The low-energy properties of atomic nuclei are predicted to show dramatic changes when the ratio of neutrons-to-protons in the nucleus becomes extremely unbalanced. My research group is working to deduce the electromagnetic properties of nuclei which have extreme neutron-to-proton ratios. The desired nuclei, which exist for only fractions of a second, are produced in very small quantities using intermediate-energy reactions at the National Superconducting Cyclotron Laboratory (NSCL) at Michigan State University.
Two electromagnetic properties of interest are the nuclear magnetic dipole moment and nuclear electric quadrupole moment. The dipole moment is sensitive to the orbital component of the angular momentum of any unpaired protons and/or neutrons in the nucleus. The dipole moment provides information on the nuclear quantum structure and the occupied single-particle states. The quadrupole moment is a measure of the deviation of the average charge distribution of the nucleus away from spherical symmetry. The shape of the collection of protons and neutrons in the nucleus, e.g. the nuclear collectivity or “deformation”, can be inferred from the quadrupole moment.
One way to deduce the electromagnetic moments of nuclei is via Collinear Laser Spectroscopy (CLS). The CLS method involves the co-propagation of a low-energy beam (~ 60 keV) of atoms/ions with laser light. Fixed-frequency laser light is Doppler tuned into resonance by varying the energy of the beam, with the subsequent fluorescence detected by a photomultiplier tube. The resulting hyperfine spectrum, a product of the interaction of atomic electrons with the nucleus, is analyzed to extract the nuclear magnetic dipole and electric quadrupole moments.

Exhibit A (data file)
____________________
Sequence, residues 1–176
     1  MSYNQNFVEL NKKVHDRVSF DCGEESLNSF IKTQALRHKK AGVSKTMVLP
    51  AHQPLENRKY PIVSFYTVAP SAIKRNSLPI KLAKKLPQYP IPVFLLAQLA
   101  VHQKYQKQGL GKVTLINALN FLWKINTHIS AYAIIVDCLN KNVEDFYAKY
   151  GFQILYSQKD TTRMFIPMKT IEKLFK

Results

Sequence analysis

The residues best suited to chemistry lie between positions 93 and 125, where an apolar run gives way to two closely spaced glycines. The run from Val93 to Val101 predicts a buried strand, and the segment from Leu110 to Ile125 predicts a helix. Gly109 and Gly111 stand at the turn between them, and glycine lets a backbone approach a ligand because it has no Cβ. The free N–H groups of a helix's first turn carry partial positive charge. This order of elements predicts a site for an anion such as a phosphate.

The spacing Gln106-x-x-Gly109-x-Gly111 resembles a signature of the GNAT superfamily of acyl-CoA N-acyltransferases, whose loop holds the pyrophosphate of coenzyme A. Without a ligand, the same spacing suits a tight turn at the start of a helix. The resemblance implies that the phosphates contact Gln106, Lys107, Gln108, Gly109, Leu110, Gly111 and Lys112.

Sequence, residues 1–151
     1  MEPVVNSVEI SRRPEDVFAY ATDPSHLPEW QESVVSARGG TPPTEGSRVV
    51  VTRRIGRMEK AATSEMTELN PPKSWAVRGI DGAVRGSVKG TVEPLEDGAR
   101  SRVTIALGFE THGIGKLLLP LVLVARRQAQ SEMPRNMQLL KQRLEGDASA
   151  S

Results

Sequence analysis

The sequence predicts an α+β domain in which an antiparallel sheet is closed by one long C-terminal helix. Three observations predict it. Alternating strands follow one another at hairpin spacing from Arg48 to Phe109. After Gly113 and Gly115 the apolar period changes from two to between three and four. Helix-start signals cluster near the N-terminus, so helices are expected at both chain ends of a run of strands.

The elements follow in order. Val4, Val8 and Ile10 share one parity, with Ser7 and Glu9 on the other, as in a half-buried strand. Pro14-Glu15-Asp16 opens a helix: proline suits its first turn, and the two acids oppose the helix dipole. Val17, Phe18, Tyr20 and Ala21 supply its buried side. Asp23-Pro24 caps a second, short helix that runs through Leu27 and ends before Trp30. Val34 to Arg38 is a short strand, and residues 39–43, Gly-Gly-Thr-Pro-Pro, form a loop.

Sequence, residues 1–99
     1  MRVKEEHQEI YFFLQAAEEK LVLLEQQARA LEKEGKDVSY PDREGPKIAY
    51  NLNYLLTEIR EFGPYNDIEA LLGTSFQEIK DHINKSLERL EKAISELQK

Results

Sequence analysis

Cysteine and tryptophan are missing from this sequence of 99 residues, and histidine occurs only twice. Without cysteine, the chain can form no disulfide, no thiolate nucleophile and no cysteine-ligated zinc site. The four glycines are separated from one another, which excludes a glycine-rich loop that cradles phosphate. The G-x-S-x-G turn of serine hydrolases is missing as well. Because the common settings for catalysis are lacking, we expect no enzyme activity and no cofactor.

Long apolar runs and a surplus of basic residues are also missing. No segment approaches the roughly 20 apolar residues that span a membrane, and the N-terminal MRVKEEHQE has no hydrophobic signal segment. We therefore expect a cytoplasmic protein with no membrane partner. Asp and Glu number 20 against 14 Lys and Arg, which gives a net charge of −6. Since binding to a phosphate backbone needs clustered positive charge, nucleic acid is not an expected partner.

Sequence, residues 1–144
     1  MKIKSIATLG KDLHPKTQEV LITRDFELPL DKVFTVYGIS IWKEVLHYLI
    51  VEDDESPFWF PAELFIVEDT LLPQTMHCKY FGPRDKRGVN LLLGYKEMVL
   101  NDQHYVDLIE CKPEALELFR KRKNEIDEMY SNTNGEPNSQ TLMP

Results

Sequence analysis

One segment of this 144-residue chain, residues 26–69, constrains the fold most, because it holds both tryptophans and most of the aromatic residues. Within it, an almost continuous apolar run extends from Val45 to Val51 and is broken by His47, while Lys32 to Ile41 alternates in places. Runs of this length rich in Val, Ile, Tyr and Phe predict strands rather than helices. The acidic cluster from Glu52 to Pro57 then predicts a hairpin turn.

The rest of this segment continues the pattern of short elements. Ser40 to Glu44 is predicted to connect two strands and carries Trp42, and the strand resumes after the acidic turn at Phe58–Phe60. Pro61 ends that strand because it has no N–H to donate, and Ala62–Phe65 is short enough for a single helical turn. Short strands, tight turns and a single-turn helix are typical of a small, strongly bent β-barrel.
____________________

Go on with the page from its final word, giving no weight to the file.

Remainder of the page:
We have installed and commissioned a CLS beam line in the low-energy experimental area at NSCL as part of the Beam Cooling and Laser Spectroscopy (BECOLA) facility. The BECOLA facility also includes a cooler and buncher, which accepts the rare isotope beams from the NSCL beam thermalization area and converts them into a low-emittance, pulsed beam to improve the sensitivity of the CLS measurement. Stable beams of Ca, K, Mn, Fe, and Ni have been produced from off-line ion sources, and the hyperfine spectra have been collected and analyzed. We have also measured the hyperfine spectra for short-lived radioisotopes of potassium, produced at rates on the order of 1,000 ions per second. The charge radii 20 are expected to show a discontinuity at neutron number 20 due to the closed neutron shell. However, the charge radii of the potassium isotopes depicted below do not exhibit such a trend. We will continue exploring the unusual properties nuclei with extreme neutron-to-proton ratios with planned CLS measurements on radioactive isotopes of iron and nickel.
A field programmable gate array-based time-resolved scaler for collinear laser spectroscopy with bunched radioactive potassium beams, D. M. Rossi, K. Minamisono, B. R. Barquest, G. Bollen, K. Cooper, M. Davis, K. Hammerton, M. Hughes, P. F. Mantica, D. J. Morrissey, R. Ringle, J. A. Rodriguez, C. A. Ryder, S. Schwarz, R. Strum, C. Sumithrarachchi, D. Tarazona, and S. Zhao, Rev. Sci. Instrum. 2014, 85, 093503.
Collinear laser spectroscopy on the ground state and an excited state in neutron 55Mn, A. Klose, K. Minamisono, and P.F. Mantica, Phys. Rev. A 2013, 88, 042701.
Commissioning of the collinear laser spectroscopy system in the BECOLA facility at NSCL, K. Minamisono, P.F. Mantica, A. Klose, S. Vinnikova, A. Schneider, B. Johnson, and B.R. Barquest, Nucl. Instrum. Methods Phys. Res. A 2013, 709, 85.
Tests of atomic charge-exchange cells for collinear laser spectroscopy, A. Klose, K. Minamisono, Ch. Geppert, N. Froemmgen, M. Hammen, J. Kraemer, A. Krieger, C.D.P. Levy, P.F. Mantica, W. Noertershaeuser, and S. Vinnikova, Nucl. Instrum. Methods Phys. Res. A 2012, 678, 114.